Short Answer: If you accidentally eat a navel orangeworm, you may get sick from the bacteria, fungi, or allergens it contains.
Navel orangeworm is a type of snout moth that is endemic to the tropical Western Hemisphere, including the southern United States.
It is a pest of several crops, such as almonds, figs, pistachios, and walnuts.
The larvae of navel orangeworm feed on the nuts and produce webbing and frass, which can also lead to fungal infections.
If you accidentally eat a navel orangeworm, you may experience some gastrointestinal discomfort, such as nausea, vomiting, or diarrhea.
This is because it may contain bacteria or fungi that are harmful to humans, or allergens that can trigger an immune response.
Navel orangeworm can also affect the taste and quality of the nuts it infests.
It is quite uncommon to eat a navel orangeworm, as they are usually removed during the processing and sorting of the nuts.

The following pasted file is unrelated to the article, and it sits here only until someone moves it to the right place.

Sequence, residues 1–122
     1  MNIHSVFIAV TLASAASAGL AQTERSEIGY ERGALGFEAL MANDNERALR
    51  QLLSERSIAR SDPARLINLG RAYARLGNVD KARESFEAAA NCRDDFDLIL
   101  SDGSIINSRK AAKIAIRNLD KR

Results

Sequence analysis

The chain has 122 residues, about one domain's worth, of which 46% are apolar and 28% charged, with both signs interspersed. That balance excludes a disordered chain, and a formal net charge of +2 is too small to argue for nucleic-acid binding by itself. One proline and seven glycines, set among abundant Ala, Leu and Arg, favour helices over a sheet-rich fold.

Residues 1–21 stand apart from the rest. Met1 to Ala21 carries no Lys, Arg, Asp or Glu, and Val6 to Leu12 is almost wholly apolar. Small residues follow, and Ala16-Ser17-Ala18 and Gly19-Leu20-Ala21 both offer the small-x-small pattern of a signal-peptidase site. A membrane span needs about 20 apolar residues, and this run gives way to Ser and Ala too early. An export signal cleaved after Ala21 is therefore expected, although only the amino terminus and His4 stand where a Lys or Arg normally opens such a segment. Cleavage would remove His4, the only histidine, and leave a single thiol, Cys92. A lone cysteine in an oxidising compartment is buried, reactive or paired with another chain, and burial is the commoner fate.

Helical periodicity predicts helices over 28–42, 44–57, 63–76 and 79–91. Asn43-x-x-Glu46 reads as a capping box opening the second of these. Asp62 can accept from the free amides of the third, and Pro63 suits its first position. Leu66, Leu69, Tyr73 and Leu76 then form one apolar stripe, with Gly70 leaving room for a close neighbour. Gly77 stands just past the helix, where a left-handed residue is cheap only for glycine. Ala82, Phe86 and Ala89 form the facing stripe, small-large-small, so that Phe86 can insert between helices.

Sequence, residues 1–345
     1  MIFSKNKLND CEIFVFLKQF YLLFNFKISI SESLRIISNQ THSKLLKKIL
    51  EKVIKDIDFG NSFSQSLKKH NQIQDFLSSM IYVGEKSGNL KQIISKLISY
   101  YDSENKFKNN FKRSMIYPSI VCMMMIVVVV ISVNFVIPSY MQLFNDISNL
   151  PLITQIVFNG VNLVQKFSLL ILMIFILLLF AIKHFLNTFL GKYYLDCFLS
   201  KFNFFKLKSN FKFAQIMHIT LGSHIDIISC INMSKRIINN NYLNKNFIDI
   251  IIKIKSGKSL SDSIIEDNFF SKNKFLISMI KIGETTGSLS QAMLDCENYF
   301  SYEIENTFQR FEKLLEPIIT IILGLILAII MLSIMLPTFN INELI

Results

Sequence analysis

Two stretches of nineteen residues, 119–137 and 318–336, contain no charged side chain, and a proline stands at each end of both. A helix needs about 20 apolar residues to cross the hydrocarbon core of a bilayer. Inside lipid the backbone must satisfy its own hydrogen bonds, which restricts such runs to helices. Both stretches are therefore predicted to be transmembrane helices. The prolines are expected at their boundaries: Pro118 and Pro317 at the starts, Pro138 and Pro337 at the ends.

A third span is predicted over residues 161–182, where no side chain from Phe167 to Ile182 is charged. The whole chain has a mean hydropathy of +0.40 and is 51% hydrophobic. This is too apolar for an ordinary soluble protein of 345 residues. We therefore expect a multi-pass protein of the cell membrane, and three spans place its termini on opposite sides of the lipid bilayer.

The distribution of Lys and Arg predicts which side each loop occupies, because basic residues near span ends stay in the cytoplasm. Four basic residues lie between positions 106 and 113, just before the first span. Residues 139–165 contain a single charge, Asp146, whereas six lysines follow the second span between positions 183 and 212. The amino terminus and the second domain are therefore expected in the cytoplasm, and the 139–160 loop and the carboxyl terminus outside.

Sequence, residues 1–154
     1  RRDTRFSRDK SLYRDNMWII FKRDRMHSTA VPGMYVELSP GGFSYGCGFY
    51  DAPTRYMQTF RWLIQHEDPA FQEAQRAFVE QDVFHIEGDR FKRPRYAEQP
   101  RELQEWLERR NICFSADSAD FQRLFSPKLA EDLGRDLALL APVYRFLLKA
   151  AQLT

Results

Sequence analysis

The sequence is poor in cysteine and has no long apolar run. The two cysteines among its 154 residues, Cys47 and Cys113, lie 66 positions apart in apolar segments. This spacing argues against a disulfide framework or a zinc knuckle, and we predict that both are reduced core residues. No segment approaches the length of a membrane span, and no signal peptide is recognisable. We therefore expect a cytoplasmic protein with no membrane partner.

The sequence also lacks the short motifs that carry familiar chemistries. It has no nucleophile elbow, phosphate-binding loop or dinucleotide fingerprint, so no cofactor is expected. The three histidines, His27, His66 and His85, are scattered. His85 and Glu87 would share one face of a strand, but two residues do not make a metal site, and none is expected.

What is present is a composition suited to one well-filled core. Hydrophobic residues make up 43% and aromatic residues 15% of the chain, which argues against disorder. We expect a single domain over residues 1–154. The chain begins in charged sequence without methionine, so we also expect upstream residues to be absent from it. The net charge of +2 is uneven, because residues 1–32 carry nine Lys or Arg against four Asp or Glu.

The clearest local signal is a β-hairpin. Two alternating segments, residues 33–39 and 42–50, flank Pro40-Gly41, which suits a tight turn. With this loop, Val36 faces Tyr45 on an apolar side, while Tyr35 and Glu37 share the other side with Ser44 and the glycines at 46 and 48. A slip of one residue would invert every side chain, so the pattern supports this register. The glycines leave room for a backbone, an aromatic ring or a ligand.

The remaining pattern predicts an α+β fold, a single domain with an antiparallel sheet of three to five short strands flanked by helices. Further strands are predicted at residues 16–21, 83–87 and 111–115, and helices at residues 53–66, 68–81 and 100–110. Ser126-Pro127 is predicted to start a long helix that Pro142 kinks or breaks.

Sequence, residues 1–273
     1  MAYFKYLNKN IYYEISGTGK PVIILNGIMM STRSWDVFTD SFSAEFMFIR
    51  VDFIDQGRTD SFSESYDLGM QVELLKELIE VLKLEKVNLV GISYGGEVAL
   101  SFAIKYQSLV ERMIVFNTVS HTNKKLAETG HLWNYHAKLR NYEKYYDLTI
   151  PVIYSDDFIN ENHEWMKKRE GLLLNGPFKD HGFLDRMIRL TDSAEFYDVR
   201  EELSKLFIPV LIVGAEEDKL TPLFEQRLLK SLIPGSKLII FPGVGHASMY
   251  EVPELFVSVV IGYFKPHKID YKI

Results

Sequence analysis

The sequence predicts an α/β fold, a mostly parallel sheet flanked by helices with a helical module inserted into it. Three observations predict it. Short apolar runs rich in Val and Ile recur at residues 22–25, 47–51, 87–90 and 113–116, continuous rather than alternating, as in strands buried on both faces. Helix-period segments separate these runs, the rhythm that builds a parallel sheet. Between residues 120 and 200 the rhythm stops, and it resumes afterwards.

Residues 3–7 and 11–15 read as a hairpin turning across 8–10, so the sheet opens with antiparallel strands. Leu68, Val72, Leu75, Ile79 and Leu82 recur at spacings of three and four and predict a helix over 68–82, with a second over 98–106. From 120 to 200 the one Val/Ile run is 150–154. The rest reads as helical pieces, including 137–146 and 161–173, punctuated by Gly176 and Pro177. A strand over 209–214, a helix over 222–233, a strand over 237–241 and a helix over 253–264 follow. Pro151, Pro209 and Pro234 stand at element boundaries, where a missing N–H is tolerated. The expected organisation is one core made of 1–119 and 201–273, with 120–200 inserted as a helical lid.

However, some may escape detection and end up in the final product.
You can reduce the risk of eating a navel orangeworm by inspecting the nuts before consuming them, and discarding any that look damaged or contaminated.
If you do eat a navel orangeworm and feel sick, you should seek medical attention as soon as possible.
To avoid accidental eating of navel orangeworm, farmers and growers should implement effective pest management practices, such as sanitation, early harvest, and insecticide treatments.
These can help reduce the population and damage of navel orangeworm in the orchards and fields.
Finally, remember, navel orangeworm is not a food item, but a pest that can ruin your nuts and your health.
Always check your nuts before you eat them, and enjoy them safely.